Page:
Wednesday, May 21, 2008

Wine on a Yacht






It's a yacht, NOT a boat. Before you get on any yacht, take off your shoes and don't refer to it as a BOAT. You'll be walking the plank sooner than walking the deck. Not my rules, but all the yachty types'!

Earlier this year I was commissioned to shoot Wedderwill Wine Estate's Sauvignon Blanc 07 (one of the highlights of my wine drinking year - try and get your hands on some!) on this yacht, moored in the V&A marina. For the sake of privacy of the owner, I'll not divulge the yacht's name. What I'll say of that shoot is that SPF30 cream is essential when shooting in high summer on a yacht. My arms and legs normally have a full stop reflection value in a shot, afterwards I had a 3000K warming effect on all shots. See insert image.

Well, to keep the idea and spirit of the ads the same, I was recently commissioned to do the follow-up shoot. The Cab shot was to be done inside the yacht with the same model - Wolfgang - who also doubles as the companies Marketing Director! The idea is for the red wine to have a more wintery feel. Well, as luck would have it, it was a balmy 25 deg, but being inside the cabin it didn't matter.

Here however, the logistics were different. I was stuck in a space about 4m2 in size with a bottle, a model and a cabin to try and get in the shot with adequate depth and lighting. My trusty strobist set-up, in this case a 580EX II, 420EX, 2 small Amity's and 2 perspex diffusers were the main pieces of photographic gear. Oh, and my camera (see my camera bag listing in the Shifting Gear section). A tripod was out of the question due to space, so it was all hand-held and flash-lit baby.

In the wide shot above you'll see Pam (Pam Westaway Public Relations) holding up a reflector/diffuser, for the simple reason that it's better if your client gets involved! ;) No, we were strapped for space and couldn't rely on a bottle to hold it up. Perspex tends to be heavy for its size, much like glass. We needed the bottle to be elevated, and for that we had to raid the yacht's mini-bar, to find adequate sized soda tins. These were used to get some elevation on the bottle. What you can't see - if you could this sentence would be obsolete - is the myriad of reflection coming from cabin at my back. I was sitting in one of the bunks, rather awkwardly, to get the framing right. This left me and all the sailing paraphenalia reflecting in the bottle. I used my 5-in-1 reflector on black to cover everything behind me. I also used a white reflector behind the perspex one on the right to bounce my 580EX II with Gary Fong Lighsphere II with a soft dome back through the perspex.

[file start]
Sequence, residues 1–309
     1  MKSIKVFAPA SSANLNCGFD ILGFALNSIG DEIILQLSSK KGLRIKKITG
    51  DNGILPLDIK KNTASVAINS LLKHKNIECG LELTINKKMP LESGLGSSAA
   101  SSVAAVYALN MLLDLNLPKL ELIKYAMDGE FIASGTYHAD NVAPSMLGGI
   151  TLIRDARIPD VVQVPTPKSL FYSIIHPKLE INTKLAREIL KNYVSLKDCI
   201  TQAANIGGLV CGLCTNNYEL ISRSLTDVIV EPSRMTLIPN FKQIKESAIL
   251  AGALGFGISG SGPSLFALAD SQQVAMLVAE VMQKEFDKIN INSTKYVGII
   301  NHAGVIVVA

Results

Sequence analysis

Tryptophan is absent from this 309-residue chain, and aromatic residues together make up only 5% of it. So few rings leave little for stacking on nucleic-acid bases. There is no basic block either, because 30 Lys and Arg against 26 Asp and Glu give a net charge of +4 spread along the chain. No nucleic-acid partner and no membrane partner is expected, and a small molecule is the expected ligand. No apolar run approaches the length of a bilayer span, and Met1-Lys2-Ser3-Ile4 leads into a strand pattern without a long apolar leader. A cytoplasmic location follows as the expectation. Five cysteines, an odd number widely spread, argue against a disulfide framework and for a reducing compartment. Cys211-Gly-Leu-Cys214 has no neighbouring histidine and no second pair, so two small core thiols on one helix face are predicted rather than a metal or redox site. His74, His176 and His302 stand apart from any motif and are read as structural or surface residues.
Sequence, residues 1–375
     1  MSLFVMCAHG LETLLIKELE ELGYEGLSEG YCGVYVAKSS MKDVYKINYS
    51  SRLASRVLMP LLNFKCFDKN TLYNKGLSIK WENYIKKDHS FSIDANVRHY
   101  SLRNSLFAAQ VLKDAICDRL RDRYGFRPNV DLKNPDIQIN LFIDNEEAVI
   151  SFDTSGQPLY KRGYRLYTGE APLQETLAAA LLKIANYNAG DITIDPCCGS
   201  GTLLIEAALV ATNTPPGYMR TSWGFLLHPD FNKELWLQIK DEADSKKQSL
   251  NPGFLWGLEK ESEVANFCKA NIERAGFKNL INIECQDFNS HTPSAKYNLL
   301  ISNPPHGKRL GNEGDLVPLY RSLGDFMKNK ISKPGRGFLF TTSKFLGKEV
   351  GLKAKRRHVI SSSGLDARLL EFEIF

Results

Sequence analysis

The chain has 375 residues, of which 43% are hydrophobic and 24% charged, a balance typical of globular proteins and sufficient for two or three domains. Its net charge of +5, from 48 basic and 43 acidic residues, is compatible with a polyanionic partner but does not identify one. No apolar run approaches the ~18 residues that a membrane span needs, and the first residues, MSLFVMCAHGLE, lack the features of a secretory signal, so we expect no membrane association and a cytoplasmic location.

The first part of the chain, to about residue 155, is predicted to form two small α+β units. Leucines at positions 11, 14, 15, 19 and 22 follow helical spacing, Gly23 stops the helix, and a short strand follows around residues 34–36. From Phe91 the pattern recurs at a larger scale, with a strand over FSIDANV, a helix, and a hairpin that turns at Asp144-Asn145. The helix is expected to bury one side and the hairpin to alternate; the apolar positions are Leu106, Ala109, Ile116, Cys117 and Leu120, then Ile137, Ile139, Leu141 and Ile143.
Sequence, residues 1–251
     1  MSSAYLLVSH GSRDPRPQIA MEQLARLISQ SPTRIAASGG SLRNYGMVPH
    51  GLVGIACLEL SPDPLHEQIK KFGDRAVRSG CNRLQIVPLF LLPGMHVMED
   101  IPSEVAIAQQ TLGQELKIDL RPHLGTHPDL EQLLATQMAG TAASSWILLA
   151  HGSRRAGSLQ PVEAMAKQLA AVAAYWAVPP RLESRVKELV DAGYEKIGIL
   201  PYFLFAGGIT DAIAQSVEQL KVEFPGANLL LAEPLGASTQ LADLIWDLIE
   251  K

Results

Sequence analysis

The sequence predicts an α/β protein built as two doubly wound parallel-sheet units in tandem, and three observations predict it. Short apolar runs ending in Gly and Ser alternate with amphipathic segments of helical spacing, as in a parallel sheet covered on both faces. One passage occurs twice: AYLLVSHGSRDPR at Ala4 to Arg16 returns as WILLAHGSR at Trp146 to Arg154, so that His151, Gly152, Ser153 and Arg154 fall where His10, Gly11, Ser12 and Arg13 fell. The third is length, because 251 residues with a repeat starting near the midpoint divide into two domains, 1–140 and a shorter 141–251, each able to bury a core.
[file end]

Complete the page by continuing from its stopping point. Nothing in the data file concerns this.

To light Wolfgang I used the 420EX directed at the wooden staircase, to give a warm reflection and avoid hard light. The little Amity's were used to lift the shadows in the bunk on the left and as a shadow filler overall.The rest of the shot was merely composition and getting the model settled. We did a couple of variations and then one or 2 other set-ups as well, but it is very restricting in such a small space. I ended up shooting some details of the yacht's interior for use in the final layouts of the ad. Important to note on the "final" shot, is that it isn't in fact the final final. The image shown here is pre-post production, where softening the reflections, and all the usual cosmetics still needs to be done. Is is the most amazing bottle shot ever? No. But in the circumstances provided, we faired really well. Bottles with gold foiled labels are seldom plain sailing, anyways.

Even though the logistics might've been complicated, doing projects such as these really inspire me and ignite a bit of an engineering desire in me. Don't you just love "building" something from scratch, until it suits your desires? Well, building pictures are no different.

Team:

Wolfgang Loeper - Marketing Director, Model, Photo enthusiast
Pam Westaway - PR, allround light gaffer and good company
Me: Photographer and soda-drinker